Just as the banks of the XIX and XX centuries fueled the growth of industrial businesses, today venture firms are financing and facilitating the growth of a technology-enabled economy.
We ask entrepreneurs, "why are you the best team to execute on this vision and win this market?" Just being the one who came up with the idea is not enough for success.
I look at the founder and think – is this the person I’m ready to spend the next five years of my life with, hand in hand?
Successful CEOs always deliver, even on most difficult tasks. It may take longer, may take more capital, but it gets done. Watch Elon Musk.
A founder needs to do two things: hustle; assemble a great team and make them hustle. Startups don’t have the inertia of large organizations; the contribution of every person really matters.
We have literally no limitations. If there is a company and a founder we believe in, we’ll find the right structure and terms for the deal.
We love companies that go global. If the business model is right, you can most probably do the same thing in every country in the world.
Our team comes from diverse markets and backgrounds. We know what it means to be global and can help you with international expansion.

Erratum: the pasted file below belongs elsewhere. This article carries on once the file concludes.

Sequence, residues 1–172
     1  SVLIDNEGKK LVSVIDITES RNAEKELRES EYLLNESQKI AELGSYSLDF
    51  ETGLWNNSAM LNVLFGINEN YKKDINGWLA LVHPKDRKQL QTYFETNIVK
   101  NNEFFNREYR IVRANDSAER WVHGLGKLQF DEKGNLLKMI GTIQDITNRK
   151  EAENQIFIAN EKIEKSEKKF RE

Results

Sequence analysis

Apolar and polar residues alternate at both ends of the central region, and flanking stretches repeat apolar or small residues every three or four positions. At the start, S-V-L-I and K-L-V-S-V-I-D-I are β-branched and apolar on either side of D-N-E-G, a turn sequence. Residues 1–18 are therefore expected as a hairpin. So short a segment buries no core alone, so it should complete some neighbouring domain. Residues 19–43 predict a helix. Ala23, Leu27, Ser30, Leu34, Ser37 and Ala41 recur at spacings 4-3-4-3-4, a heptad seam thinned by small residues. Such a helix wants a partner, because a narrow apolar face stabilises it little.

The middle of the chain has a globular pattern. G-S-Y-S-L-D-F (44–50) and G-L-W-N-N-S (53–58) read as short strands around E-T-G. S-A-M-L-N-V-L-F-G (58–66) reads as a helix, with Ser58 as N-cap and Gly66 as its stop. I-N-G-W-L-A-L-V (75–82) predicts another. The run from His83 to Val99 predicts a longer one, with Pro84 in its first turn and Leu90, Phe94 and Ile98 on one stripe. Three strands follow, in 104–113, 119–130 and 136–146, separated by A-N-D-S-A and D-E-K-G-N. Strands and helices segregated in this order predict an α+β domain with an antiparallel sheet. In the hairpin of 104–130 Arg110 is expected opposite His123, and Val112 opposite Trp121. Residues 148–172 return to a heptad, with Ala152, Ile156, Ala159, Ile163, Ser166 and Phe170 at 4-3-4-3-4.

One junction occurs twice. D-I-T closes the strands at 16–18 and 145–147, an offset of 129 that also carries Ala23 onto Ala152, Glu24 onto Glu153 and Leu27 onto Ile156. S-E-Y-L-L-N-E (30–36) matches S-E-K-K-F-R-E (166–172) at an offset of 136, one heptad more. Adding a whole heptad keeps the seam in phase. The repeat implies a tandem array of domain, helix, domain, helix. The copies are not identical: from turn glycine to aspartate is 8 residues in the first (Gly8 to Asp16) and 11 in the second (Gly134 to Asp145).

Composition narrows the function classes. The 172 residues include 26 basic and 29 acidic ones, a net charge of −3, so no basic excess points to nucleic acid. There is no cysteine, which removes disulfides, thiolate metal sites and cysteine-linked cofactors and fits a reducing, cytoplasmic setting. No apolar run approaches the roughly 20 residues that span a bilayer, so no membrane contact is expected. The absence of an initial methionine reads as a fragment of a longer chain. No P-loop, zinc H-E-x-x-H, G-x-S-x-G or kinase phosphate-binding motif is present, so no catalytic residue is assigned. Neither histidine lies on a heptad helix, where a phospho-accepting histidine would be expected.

European companies are often blamed for lack of innovation. For me using geographical arbitrage a.k.a. “copycats” is just fine. Building any company is hard, no matter where an idea comes from.
Israeli companies are starting to realize that between Israel and US there is a European market. It is as interesting and as big as the US one.
Online businesses can dominate particular market niches and enjoy abnormal profits as the result. After all, isn't Google a monopoly? I’m most excited about tech businesses that change the life of many customers and become household names.
I'm a practicing triathlete, trying to squeeze running, cycling and swimming between conference calls, pitches and meetings.
The most difficult thing is to invent the new things.